by Ashley How Kai Xin
Sensory deprivation in horror films is far from a novel concept and has been effectively utilised to evoke visceral fear in audiences across time, notable examples being Wait Until Dark (1967) and Don’t Breathe (2016). As the characters are never able to fully perceive the horror that threatens their mortality in its entirety, the fear of the unknown and sense of complete isolation is only further amplified. Recently, the horror film genre in popular culture has adopted a trend of coercing its characters into situations where obscurity and the voluntary loss of one of the 5 general senses becomes instrumental to their survival. Deviating from the aforementioned films that have visually impaired characters as members of the cast, the characters of this new type of film are able-bodied for the most part and have to use external means to emulate disability. Films The Quiet Place (2018) and Bird Box (2018), wherein characters are forbidden to make sounds and see respectively, have pervaded popular culture to inspire internet trends like the “Bird Box Challenge”. Needless to say, this post-apocalyptic thriller resonates deeply with the modern audience, perhaps even beyond its scare factor and horror elements.
The film follows the story of survival for Malorie Hayes and her two young wards in a world ravaged by unknowable beings that overwhelm the mind to the point of insanity, causing them to act out on violent, suicidal impulses upon a single glance. The only way to escape this horrific fate is to avoid seeing these beings, and the only way to avoid seeing them is to avoid seeing entirely. In their meagre attempt to survive this hell on earth, windows are plastered with newspapers and makeshift blindfolds from worn fabrics stay affixed over eyes. Though audiences get to witness the events from a third person perspective, at crucial moments where Malorie encounters the creatures, the film switches to a first person perspective behind a blindfold and only auditory cues of the horrors are provided. In a more superficial sense, blindness as a motif and as the premise of the story telling in Bird Box serves to inculcate fear in its viewers, contributing to the success of the horror film for its intended purpose. Taken literally, the loss of sight conjures feelings of anxiety and despair usually associated with the dark, the unknown, being lost and isolation. As Radcliffe aptly details the able-bodied, ocular normative experience when confronted with such circumstance: “It’s your idea of what they look like, and details are added to a body and a shape that you have no concept of. To a face that might have no face at all.” (Radcliffe, 2006). The sighted insist on conjuring visual representations of the world, and when none exists, fear persists.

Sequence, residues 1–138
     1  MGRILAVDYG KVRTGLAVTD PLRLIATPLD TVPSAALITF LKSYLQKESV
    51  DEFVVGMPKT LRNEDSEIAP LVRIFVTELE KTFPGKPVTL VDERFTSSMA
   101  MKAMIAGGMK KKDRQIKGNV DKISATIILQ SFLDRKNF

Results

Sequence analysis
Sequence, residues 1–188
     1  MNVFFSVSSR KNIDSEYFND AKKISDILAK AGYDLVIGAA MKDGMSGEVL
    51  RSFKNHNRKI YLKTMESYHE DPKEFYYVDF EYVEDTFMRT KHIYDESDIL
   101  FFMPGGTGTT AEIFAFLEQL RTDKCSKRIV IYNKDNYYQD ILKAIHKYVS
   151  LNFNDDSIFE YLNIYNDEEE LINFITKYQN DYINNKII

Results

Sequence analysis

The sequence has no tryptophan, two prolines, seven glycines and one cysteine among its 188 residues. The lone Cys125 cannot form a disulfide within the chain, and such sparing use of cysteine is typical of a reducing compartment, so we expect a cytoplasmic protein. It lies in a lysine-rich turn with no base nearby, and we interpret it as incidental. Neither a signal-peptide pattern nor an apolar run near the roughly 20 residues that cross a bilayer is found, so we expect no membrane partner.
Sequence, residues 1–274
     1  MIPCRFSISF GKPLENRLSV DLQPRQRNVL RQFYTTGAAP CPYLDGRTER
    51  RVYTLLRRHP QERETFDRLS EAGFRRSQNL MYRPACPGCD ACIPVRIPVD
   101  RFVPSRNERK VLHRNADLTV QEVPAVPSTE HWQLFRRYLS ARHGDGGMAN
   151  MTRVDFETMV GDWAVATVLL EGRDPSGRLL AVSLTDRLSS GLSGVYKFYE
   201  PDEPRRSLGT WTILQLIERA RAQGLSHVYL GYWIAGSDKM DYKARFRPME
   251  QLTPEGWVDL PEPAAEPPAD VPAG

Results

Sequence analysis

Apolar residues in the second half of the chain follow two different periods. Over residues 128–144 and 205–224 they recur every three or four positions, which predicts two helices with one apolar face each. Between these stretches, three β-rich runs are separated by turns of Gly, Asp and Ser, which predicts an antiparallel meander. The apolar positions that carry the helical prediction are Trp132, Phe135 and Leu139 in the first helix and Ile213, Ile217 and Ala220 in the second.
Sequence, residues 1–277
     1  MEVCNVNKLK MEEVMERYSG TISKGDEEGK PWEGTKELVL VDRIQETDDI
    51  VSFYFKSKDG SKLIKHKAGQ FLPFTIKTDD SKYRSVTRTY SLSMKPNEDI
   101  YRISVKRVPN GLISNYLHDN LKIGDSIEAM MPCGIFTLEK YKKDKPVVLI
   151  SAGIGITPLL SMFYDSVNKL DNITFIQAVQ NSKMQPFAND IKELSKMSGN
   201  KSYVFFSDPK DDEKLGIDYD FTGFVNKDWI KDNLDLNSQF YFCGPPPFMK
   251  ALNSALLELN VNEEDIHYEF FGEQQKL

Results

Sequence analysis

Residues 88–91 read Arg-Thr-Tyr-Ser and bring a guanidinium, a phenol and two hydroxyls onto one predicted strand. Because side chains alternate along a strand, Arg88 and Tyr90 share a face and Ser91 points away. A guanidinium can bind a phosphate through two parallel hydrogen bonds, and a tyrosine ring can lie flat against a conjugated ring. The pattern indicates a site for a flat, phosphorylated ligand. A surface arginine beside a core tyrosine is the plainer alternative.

Blindfold from a first person perspective when Malorie encounters the creatures